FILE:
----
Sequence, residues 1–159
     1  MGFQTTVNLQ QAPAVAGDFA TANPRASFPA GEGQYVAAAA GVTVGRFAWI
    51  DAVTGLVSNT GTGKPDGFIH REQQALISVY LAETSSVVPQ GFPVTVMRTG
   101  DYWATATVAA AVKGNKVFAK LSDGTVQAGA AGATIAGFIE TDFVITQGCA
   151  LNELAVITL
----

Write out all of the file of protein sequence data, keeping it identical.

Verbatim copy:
Sequence, residues 1–159
     1  MGFQTTVNLQ QAPAVAGDFA TANPRASFPA GEGQYVAAAA GVTVGRFAWI
    51  DAVTGLVSNT GTGKPDGFIH REQQALISVY LAETSSVVPQ GFPVTVMRTG
   101  DYWATATVAA AVKGNKVFAK LSDGTVQAGA AGATIAGFIE TDFVITQGCA
   151  LNELAVITL